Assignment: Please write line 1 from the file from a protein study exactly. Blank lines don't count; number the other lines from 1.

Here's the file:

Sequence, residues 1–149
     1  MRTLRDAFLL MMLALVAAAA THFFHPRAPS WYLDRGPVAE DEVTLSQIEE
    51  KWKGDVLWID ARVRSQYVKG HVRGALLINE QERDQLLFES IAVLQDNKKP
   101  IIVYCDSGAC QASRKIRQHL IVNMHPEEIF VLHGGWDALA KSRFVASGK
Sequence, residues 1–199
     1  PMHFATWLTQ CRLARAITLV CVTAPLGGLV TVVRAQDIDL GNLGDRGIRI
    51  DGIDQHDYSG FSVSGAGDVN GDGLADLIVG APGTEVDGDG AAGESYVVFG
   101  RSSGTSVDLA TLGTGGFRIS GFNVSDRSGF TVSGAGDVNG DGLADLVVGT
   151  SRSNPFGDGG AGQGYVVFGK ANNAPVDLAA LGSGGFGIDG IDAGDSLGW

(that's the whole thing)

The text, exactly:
Sequence, residues 1–149